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Super and Women

Women are continuing to retire with less superannuation than men. Lower average salaries than men and a period out of the workforce to raise children both contribute to this issue. This is not something that is easily fixed, but a greater awareness of the importance of looking after and contributing to your superannuation might help.

Some strategies to boost your super are:

  • find and consolidate your super into one account
  • take an interest in how your super is invested (it's your money!)
  • make sure you are not paying more fees than necessary
  • salary sacrifice - even just 2% more can make a big difference over the long term
  • ask your spouse to split their super contributions with you if you are out of the workforce raising the family
  • see if you can access the Government Co-Contribution
  • if you are self employed and not receiving the Super Guarantee Contribution from an employer - consider making regular personal concessional (tax deductible) contributions.

Please talk to us if you would like to assess the value of any of these strategies for you.

Investment Returns Update

Sector returns to 31st December 2021
1 year 3 Yrs, pa 5 Yrs,pa
Australian shares 18% 14% 10%
Global shares ($A hedged) 24% 21% 14%
Global shares ($A unhedged) 30% 21% 15%
Emerging markets ($A unhedged) 3% 10% 10%
Australian listed property 27% 13% 10%
Global Infrastructure ($A hedged) 19% 12% 10%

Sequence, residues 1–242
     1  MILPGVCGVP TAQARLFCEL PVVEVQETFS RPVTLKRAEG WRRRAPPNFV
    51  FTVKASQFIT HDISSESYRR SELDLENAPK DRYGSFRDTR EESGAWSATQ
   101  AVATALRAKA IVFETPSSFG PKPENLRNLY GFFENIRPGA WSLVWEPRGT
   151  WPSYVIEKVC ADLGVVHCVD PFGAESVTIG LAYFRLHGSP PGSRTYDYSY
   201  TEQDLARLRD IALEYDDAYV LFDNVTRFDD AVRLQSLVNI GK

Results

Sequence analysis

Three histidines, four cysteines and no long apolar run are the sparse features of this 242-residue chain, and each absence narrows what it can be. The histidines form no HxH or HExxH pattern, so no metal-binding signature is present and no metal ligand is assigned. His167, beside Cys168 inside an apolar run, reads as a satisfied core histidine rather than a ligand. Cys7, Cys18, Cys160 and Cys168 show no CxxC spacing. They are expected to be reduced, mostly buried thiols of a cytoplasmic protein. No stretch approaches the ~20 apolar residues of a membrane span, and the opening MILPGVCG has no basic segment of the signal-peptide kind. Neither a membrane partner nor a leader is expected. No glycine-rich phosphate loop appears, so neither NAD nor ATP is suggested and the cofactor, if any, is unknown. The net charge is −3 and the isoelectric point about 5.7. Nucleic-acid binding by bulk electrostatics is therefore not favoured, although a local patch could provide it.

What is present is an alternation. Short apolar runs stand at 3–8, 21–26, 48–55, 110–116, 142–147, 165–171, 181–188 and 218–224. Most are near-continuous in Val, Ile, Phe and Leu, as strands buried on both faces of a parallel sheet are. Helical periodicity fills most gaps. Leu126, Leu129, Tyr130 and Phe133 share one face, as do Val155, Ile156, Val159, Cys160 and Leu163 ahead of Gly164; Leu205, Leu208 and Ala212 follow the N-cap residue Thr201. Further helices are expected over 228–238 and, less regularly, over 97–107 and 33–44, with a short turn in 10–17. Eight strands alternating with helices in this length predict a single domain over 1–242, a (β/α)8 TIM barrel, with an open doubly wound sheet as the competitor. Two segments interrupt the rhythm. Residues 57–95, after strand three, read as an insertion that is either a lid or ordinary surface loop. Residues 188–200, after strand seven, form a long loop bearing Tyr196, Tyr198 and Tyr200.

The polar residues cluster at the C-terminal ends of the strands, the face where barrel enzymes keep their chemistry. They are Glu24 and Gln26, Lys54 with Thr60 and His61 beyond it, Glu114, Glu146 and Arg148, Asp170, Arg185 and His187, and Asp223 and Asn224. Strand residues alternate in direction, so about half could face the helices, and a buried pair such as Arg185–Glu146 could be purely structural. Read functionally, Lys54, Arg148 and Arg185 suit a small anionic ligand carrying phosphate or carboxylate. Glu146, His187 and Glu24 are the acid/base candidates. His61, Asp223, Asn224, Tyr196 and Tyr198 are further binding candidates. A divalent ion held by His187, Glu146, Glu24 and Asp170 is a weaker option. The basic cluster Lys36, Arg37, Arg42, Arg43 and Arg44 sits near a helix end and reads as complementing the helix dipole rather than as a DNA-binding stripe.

Australian fixed interest -3% 3% 3%
Global fixed interest -2% 3% 3%
Cash (Bank Bill Index) 0% 1% 1%

Thanks to the hope offered by covid vaccines and ongoing monetary and fiscal stimulus from Governments around the world, 2021 turned out to be a great year for investment returns to diversified portfolios. Australian shares returned 19% and balanced and growth portfolios delivered double digit returns.

Share market returns in the first half of 2021 were much stronger than the second half as concerns about inflation and increasing interest rates emerged later in the year as well as the surge of covid infections due to the Delta variant. Over the past 6 months, US inflation has sharply increased due to supply shortages as well as a surge in demand post lockdowns last year. US CPI is currently at 6.8% year on year, the highest it has been since the 1980’s. The US Federal Reserve has now conceded that it will be reducing monetary stimulus this year by first reducing quantitative easing. They are expected to then begin increasing interest rates as early as March this year.

With high share valuations for many US stocks, interest rate rises looming and another wave of Covid infections, the outlook is not clear and that will result in a continuation of the volatility we're currently experiencing in share markets.